Mr Brown is right to target the Aids crisis in Africa

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Gordon Brown moved away from squabbling over leadership of the Labour Party to a rather more laudable cause yesterday: the search for a technological solution to the scourge of Aids. The worst disease of modern times has caused carnage on an unimaginable scale, with 3.1 million deaths last year and almost 40 million people infected. The disease has destroyed families and communities, and threatens entire nations by removing the breadwinners on whom their future depends.

Gordon Brown moved away from squabbling over leadership of the Labour Party to a rather more laudable cause yesterday: the search for a technological solution to the scourge of Aids. The worst disease of modern times has caused carnage on an unimaginable scale, with 3.1 million deaths last year and almost 40 million people infected. The disease has destroyed families and communities, and threatens entire nations by removing the breadwinners on whom their future depends.

One may wonder why a Chancellor of the Exchequer is adopting such a high profile on an issue outside his brief, but, nevertheless, his efforts to galvanise Western nations deserve praise. He wants to raise international aid by $50bn a year to fund campaigns against poverty, and argues that one fifth of this money should be devoted to Aids research and treatment.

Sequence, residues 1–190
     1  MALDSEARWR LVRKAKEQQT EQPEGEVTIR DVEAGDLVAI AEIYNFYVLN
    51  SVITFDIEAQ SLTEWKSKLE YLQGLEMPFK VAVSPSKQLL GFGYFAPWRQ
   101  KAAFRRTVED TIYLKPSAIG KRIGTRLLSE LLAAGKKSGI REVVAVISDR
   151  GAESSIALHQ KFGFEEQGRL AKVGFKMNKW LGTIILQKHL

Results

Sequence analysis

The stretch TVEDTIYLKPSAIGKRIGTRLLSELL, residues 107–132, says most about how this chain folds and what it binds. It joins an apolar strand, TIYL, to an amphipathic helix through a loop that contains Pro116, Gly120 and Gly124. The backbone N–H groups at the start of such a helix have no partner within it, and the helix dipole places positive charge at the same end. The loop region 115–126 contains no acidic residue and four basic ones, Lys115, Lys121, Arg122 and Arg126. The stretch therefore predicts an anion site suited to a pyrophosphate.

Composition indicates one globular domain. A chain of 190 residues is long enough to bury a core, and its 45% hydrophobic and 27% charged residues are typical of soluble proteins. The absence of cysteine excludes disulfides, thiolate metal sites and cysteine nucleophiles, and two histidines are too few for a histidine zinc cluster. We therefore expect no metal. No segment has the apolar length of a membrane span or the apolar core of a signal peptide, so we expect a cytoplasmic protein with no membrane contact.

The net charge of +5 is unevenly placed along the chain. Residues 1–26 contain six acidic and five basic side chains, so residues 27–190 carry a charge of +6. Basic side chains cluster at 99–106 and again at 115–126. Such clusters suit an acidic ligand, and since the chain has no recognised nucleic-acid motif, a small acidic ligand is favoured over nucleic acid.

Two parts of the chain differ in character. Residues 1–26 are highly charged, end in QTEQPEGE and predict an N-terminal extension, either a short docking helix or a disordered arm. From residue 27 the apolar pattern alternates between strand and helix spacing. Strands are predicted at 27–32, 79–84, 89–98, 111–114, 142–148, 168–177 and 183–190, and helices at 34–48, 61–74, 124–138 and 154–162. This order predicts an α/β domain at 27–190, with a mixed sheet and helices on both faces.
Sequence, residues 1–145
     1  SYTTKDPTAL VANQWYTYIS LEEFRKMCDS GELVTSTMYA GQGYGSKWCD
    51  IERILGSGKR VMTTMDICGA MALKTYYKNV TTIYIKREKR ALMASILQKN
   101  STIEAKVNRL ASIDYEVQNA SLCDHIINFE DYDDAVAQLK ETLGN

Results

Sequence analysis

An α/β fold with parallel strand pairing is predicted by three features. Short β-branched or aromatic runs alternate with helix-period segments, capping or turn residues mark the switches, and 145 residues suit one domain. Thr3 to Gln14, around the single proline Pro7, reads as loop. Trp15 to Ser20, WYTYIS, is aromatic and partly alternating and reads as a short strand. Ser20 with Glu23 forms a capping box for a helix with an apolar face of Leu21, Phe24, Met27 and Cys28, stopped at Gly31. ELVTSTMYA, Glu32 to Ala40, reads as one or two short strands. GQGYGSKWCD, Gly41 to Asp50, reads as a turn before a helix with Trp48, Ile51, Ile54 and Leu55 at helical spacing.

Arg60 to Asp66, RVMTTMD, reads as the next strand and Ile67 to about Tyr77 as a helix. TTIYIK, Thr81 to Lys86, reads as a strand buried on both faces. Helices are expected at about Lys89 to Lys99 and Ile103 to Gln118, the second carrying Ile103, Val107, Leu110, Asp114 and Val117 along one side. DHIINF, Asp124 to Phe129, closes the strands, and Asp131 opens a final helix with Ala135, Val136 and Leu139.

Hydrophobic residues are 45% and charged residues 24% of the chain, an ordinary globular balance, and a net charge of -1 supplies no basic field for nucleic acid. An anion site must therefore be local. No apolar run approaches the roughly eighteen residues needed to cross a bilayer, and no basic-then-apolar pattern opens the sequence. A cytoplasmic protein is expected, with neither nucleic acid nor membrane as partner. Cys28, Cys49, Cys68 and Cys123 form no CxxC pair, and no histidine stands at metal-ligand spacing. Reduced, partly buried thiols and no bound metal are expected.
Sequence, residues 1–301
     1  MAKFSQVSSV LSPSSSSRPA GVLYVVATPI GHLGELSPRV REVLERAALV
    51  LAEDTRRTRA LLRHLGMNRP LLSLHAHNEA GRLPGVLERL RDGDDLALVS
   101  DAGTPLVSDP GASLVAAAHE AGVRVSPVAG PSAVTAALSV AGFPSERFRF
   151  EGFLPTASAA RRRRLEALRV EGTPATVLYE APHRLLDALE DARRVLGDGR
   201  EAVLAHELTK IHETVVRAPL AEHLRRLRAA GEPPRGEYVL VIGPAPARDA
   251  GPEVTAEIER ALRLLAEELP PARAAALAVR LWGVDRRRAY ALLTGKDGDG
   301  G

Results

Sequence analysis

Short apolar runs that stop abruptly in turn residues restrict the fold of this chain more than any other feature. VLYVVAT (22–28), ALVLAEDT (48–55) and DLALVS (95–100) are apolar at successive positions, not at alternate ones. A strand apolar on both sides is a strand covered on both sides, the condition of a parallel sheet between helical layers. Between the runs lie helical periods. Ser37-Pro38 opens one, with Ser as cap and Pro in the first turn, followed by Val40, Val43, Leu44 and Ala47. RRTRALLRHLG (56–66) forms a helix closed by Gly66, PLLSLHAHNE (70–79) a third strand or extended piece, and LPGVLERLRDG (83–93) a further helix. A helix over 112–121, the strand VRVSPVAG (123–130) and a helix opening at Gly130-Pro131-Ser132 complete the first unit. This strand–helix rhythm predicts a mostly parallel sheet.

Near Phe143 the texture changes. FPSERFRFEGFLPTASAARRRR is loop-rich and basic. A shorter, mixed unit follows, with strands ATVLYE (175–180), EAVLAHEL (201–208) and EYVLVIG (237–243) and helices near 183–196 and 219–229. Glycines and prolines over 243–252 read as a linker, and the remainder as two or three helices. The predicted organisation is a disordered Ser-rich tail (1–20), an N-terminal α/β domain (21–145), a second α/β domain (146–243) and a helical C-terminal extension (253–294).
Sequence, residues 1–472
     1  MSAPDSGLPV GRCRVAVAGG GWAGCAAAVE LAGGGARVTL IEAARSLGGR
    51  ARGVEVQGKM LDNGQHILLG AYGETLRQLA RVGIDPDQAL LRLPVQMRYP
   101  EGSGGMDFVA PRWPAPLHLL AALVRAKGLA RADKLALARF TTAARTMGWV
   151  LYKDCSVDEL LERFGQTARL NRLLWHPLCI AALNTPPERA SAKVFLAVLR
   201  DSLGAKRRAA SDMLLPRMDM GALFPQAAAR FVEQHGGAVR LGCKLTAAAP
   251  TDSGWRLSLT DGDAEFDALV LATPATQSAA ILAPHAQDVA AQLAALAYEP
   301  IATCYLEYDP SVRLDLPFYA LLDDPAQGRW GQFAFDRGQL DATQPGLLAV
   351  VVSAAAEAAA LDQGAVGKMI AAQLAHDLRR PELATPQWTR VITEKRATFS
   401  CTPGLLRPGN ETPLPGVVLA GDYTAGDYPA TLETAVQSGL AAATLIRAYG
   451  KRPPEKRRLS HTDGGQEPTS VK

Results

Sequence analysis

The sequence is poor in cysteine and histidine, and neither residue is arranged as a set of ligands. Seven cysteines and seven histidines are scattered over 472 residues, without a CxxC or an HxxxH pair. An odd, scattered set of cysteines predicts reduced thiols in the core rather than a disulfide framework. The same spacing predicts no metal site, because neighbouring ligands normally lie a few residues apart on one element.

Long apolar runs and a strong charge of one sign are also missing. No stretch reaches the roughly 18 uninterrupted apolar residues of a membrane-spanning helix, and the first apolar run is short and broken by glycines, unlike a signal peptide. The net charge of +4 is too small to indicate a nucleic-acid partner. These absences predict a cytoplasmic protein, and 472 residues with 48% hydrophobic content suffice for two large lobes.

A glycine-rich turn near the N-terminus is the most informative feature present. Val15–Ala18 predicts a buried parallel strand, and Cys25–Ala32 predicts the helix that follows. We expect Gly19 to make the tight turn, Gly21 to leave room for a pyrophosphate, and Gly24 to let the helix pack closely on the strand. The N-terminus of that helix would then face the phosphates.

Scientists will raise eyebrows at his claim that an Aids vaccine could be developed in 10 years if only sufficient funds were forthcoming. Progress so far is not encouraging. But there are many other urgent measures that demand investment. A microbicide, a gel that could be used by women to destroy the virus during sex, would improve their power to protect themselves. The disease is growing fastest in women, who now account for 57 per cent of those infected in sub-Saharan Africa.

The lack of health workers is a key impediment to preventing and treating HIV. Migration is shrinking the workforce in many developing countries as skilled health staff are poached by richer nations - not least by Britain, following the Chancellor's generosity towards the health service. Simpler combinations of anti-retroviral drugs, at prices poor countries can afford, would improve compliance and reduce the risk of drug-resistant strains of the disease emerging.

But Aids is not a single epidemic. Even in sub-Saharan Africa, the disease has followed different trajectories in different regions. There is no magic bullet. Different strategies are needed to tackle the disease, and the social norms that sustain it, in different parts of the world. There are enough glimmers of hope to show that Gordon Brown is right on one thing. Aids can be beaten - and it must be.

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